Yesterday’s budget was not the only budget in town. It followed hot on the heels of Climate Change Minister James Shaw’s announcement on Monday of the Government’s $2.9 billion Emissions Reduction Plan. The plan sets out the steps the Government will take to meet the first of three national emissions budgets.
Like yesterday’s budget from the Minister of Finance, Shaw’s announcement showed an alarming air of unreality.
The Finance Minister’s error was failing to respond to the change in the country’s economic predicament. Shaw’s error was failing to realise the Government has already implemented a policy to achieve the very objectives proposed for his costly Emissions Reduction Plan – at least for non-agricultural emissions.
New Zealand’s Emissions Trading Scheme uses carbon pricing to lower net emissions. Those responsible for emissions must use tradeable carbon credits to offset them. The Government issues carbon credits using free allocations (to some industries) and auctions. It also issues credits for activities taking carbon out of the atmosphere like forestry.
Over time, the government reduces the number of units supplied by free allocation or auction. This limits or “caps” the quantity of New Zealand’s net emissions. Restricting supply increases the price of carbon credits (currently about $75 a tonne). This makes carbon emissions increasingly uneconomic. The scheme is designed to ensure New Zealand follows a pathway to net zero by 2050.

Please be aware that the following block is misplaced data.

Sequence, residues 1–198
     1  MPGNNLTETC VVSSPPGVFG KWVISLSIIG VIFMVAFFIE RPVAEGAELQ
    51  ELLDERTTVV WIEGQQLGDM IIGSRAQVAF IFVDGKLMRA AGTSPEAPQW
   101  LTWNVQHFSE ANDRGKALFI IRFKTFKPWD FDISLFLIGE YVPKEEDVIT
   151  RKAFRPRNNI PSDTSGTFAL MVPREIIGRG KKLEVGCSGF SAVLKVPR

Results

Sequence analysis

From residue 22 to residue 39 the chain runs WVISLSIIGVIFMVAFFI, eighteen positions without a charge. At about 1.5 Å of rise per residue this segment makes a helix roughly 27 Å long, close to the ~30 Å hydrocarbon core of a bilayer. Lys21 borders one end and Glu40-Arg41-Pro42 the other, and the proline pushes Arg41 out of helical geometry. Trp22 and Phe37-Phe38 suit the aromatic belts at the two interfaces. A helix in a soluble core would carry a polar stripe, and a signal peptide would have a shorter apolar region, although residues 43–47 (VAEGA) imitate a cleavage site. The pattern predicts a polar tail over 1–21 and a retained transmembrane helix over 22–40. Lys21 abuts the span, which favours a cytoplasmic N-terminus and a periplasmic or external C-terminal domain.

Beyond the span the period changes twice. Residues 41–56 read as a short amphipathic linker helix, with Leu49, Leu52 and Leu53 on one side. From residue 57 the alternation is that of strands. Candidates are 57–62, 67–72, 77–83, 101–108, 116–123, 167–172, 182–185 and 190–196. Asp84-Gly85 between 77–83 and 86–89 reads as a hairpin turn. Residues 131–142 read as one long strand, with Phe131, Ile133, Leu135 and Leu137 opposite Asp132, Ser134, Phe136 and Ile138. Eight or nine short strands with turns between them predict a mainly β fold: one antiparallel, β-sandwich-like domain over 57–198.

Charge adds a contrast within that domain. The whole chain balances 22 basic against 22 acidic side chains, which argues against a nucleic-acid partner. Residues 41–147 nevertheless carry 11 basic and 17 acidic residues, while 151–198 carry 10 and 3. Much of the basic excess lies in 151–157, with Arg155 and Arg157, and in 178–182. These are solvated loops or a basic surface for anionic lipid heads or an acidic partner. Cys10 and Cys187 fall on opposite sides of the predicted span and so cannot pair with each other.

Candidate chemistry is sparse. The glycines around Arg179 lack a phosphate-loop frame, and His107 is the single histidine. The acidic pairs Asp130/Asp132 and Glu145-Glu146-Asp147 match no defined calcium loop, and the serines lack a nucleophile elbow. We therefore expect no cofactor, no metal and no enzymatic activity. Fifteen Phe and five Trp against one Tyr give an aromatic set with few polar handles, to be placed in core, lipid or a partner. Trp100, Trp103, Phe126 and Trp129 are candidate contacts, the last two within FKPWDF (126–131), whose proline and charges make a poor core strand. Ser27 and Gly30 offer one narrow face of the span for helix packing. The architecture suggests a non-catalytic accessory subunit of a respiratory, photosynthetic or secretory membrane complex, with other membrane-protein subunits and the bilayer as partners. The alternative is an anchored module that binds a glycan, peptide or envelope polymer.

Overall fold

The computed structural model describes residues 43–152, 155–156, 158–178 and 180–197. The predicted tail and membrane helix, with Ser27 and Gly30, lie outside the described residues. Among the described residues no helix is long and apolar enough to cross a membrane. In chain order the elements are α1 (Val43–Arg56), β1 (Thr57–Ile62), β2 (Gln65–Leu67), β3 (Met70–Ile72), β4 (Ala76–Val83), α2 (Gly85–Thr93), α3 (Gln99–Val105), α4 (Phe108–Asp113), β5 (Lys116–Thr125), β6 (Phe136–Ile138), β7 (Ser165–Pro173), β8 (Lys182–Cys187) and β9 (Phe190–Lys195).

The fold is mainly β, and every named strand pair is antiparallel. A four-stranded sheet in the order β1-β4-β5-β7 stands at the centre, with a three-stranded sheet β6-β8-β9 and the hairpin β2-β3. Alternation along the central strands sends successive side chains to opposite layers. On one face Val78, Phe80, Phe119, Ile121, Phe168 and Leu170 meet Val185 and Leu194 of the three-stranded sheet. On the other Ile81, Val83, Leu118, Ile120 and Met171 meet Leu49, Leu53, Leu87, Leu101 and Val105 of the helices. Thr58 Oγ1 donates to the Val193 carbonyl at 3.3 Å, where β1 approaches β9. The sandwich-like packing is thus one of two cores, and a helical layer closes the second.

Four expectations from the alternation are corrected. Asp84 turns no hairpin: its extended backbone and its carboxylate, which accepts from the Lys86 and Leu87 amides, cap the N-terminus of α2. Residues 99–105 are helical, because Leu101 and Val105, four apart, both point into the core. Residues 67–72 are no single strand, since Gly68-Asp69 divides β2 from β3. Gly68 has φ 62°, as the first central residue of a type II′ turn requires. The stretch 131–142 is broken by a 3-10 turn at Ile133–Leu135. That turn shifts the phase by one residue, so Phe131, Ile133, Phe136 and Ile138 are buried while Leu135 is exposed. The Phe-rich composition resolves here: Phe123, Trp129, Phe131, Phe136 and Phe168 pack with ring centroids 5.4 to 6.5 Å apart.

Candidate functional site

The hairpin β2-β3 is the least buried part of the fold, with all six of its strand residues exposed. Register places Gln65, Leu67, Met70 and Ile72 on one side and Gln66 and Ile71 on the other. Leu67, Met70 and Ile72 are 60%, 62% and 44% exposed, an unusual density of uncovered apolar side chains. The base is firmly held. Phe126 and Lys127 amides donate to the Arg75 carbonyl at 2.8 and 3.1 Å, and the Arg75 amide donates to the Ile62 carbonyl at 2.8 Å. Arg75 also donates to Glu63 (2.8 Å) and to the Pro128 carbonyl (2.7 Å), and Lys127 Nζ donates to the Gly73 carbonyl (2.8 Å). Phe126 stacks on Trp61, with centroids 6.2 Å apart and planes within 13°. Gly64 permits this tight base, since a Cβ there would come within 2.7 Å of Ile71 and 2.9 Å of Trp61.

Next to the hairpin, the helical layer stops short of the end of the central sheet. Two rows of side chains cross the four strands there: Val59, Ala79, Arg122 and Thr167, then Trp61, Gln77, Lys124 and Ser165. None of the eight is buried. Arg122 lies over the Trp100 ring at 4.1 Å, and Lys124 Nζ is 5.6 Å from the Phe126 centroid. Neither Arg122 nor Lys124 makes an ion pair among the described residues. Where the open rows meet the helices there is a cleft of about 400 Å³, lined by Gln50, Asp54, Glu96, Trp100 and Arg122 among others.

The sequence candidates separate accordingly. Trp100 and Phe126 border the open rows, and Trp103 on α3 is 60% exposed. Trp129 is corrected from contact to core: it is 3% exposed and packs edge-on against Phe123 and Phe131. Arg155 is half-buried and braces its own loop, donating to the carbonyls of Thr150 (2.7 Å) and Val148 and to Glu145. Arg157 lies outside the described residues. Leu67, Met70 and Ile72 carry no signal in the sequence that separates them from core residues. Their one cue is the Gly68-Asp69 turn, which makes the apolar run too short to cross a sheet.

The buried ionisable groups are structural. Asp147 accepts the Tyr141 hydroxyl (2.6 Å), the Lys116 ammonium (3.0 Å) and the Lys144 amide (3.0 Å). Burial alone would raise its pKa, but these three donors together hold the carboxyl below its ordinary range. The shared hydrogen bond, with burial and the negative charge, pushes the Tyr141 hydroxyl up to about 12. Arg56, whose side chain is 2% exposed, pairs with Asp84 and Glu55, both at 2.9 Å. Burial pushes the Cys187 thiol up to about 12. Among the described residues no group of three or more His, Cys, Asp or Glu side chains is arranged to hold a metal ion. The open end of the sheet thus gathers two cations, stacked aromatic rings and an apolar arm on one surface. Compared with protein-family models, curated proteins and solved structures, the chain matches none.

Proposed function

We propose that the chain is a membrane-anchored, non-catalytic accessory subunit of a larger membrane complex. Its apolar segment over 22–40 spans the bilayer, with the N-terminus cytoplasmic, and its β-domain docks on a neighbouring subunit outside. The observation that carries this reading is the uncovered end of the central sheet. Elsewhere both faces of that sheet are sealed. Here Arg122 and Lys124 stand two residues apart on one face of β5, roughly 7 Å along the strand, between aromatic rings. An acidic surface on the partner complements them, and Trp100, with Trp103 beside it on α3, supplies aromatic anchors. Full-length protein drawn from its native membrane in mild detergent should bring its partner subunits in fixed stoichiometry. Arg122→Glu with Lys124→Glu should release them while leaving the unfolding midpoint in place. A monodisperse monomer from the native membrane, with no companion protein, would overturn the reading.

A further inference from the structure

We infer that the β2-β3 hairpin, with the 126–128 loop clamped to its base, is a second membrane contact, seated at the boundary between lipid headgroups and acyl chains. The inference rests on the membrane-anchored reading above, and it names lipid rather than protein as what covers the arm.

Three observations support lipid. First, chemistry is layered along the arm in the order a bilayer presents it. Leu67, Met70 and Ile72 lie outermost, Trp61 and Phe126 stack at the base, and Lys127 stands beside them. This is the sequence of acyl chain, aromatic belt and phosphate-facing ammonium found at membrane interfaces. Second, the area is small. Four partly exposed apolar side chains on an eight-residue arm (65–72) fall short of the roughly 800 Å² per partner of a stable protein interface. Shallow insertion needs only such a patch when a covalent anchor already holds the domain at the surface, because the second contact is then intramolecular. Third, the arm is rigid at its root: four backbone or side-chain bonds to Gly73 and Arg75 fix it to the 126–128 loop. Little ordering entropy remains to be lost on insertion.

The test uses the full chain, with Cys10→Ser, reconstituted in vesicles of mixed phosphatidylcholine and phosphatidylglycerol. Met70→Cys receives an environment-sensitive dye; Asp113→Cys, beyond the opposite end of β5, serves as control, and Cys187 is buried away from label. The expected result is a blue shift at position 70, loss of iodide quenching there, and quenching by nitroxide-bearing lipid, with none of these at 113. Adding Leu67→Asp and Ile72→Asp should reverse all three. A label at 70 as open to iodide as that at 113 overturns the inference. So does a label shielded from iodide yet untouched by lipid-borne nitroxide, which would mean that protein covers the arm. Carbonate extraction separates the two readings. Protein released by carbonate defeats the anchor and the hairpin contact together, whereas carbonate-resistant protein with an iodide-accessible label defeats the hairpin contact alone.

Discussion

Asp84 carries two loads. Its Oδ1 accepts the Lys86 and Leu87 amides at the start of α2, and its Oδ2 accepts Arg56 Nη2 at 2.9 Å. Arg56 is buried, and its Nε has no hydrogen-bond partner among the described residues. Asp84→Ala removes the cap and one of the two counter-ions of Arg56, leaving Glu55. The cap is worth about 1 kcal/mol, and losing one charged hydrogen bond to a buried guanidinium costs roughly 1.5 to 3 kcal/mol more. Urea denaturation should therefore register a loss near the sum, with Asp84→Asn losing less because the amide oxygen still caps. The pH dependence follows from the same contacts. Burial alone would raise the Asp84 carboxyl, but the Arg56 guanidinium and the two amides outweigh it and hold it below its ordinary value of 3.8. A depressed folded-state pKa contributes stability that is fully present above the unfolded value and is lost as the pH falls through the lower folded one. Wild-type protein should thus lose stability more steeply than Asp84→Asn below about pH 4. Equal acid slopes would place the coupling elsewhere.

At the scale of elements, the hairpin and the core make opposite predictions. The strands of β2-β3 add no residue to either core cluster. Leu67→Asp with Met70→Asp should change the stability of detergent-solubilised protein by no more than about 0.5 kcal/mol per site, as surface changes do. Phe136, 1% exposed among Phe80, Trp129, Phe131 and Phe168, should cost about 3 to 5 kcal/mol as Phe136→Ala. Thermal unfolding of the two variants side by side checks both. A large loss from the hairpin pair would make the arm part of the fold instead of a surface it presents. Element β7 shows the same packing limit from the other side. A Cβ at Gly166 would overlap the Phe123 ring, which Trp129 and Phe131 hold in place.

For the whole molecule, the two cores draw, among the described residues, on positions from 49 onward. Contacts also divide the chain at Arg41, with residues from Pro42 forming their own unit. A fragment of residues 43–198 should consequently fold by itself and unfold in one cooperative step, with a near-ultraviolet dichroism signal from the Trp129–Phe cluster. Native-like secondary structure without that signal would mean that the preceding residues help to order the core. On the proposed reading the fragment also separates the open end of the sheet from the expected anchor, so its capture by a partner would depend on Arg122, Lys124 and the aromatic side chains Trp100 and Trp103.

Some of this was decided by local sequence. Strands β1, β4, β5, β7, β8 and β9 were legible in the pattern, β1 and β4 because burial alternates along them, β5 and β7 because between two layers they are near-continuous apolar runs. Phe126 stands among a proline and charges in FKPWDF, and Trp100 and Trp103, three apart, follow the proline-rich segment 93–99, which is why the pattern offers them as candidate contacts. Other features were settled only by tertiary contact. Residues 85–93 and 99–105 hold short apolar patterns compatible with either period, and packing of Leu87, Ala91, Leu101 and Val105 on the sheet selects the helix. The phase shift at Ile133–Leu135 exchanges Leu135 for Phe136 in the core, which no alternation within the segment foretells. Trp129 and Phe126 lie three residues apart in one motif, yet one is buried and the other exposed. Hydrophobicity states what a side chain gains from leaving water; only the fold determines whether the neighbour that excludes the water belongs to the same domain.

Aside from agricultural research and development, Shaw’s Emissions Reduction Plan has no chance of altering New Zealand’s net emissions. Subsidising electric vehicles may reduce gross emissions from private cars. But that will just free up carbon credits for use elsewhere in the economy. This will allow emissions which would otherwise have been avoided if credits had not been made available. Economists call this the “waterbed effect.” Push down on one side and the other side goes up.
The beauty of the ETS is it puts a price on carbon. This allows market participants to work out where carbon emissions can be most economically avoided.
The Minister knows private car use is not the most efficient place to save emissions. In an answer to a question in Parliament last week, Shaw said the price of carbon would have to reach nearly $600 a tonne to achieve the same result as the EV subsidies proposed in his Emissions Reduction Plan.
But at nearly ten times the cost of a carbon credit, that means this part of Shaw’s plan is grossly uneconomic. But more than that, the plan is futile. The ETS already has the country on a course to net zero by 2050.
Blowing a $2.9 billion budget on a futile plan is some feat.